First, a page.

A new global study on phishing says Facebook is the most imitated brand for phishing attempts online. Brand phishing refers to criminals using an imitation of a fake website of a well-kown brand by using a domain name, URL and web page design similar to the genuine website.
In addition, Yahoo! is the most imitated brand for email-based phishing, and Spotify the most imitated for web-based phishing attempts. Theses fake website often contains a form intended to steal users’ credentials, payment details or other personal information.
These startling findings form part of the brand phishing report for the latest quarter by Check Point Research, the threat intelligence wing of global cyber security experts Check Point Software Technologies. The report highlights the brands which were most frequently imitated by criminals in their attempts to steal individuals’ personal information or payment credentials during Q4, which includes the busiest online shopping periods of the year.
In a brand phishing attack, the link to the fake website can be sent to targeted individuals by email or text message, redirected during web browsing, or triggered from a fraudulent mobile app. The fake website often contains a form intended to steal users’ credentials, payment details or other personal information.
According to the report, 18% of all brand phishing attempts globally involved the use of a Facebook clone. Yahoo, whose email service was most copied, came in second, followed by streaming service giant Netflix, payment gateway PayPal, software giant Microsoft and music streaming service Spotify. Compared to Facebook's 18%, only 2% attempts (each) involved cloning Apple and Google.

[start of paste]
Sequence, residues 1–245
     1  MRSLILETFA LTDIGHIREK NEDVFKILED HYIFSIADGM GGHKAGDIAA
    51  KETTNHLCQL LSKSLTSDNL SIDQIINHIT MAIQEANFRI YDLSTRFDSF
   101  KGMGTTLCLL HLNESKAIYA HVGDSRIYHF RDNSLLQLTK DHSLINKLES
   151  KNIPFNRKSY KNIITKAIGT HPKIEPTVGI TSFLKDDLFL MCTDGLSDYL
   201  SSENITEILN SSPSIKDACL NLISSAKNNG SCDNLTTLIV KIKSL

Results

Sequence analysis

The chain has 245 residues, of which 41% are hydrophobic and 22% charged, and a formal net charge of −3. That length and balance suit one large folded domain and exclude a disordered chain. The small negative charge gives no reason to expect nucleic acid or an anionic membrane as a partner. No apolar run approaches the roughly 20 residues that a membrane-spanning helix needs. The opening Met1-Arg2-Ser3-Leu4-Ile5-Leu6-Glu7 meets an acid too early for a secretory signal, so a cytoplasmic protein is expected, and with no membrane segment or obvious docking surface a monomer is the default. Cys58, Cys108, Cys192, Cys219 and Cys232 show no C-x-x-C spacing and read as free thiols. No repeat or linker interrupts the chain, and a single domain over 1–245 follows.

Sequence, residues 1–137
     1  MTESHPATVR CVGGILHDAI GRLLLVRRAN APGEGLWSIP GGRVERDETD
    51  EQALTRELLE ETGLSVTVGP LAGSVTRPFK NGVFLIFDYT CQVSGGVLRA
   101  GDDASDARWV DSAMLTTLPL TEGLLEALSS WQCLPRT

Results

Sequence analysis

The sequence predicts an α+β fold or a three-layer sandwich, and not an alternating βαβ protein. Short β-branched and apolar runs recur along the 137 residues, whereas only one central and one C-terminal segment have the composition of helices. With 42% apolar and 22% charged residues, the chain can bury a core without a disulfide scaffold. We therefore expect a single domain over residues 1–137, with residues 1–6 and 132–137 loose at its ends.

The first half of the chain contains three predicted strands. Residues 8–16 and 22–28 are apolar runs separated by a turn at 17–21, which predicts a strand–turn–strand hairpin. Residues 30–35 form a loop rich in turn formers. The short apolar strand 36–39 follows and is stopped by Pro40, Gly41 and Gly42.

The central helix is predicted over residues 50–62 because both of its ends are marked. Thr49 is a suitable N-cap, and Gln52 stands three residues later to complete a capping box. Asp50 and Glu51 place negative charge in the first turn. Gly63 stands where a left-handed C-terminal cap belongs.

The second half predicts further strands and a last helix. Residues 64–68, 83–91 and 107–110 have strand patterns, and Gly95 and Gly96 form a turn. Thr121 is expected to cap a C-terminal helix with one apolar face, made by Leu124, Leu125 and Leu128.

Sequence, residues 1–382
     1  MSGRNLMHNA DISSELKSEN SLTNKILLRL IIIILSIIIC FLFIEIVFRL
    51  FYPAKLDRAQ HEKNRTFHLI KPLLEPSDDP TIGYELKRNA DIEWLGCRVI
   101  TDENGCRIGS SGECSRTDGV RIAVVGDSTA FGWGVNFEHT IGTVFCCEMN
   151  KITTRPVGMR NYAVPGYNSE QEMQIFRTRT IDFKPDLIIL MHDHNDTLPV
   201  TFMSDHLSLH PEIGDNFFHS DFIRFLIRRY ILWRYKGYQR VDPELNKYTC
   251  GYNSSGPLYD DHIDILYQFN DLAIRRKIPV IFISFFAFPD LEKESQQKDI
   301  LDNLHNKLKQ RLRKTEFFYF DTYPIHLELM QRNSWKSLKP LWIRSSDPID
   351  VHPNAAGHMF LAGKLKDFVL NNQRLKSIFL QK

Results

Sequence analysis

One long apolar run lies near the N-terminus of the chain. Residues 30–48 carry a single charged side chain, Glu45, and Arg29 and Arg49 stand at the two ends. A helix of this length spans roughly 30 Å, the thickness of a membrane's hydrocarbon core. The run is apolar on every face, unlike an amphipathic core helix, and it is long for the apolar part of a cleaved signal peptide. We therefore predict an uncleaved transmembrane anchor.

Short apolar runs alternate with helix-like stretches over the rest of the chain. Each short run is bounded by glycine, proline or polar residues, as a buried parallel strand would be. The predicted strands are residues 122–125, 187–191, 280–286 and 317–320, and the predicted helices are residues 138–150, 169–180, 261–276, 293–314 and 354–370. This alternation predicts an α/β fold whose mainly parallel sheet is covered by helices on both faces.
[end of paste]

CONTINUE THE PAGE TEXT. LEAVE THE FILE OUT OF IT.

“Cybercriminals are using a variety of attack vectors to trick their intended victims into giving up personal information and login credentials or transferring money. Although this is often done using spam emails, we have also seen attackers obtain credentials to email accounts, study their victim for weeks and craft a targeted attack against partners and customers to steal money,” said Maya Horowitz, Director, Threat Intelligence and Research, Check Point Software Technologies. “Over the last two years, incidences of this type of attack have spiked with the increased use of cloud-based email, which makes it easier for criminals to disguise themselves as a trusted party. Phishing will continue to be a growing threat in 2020.”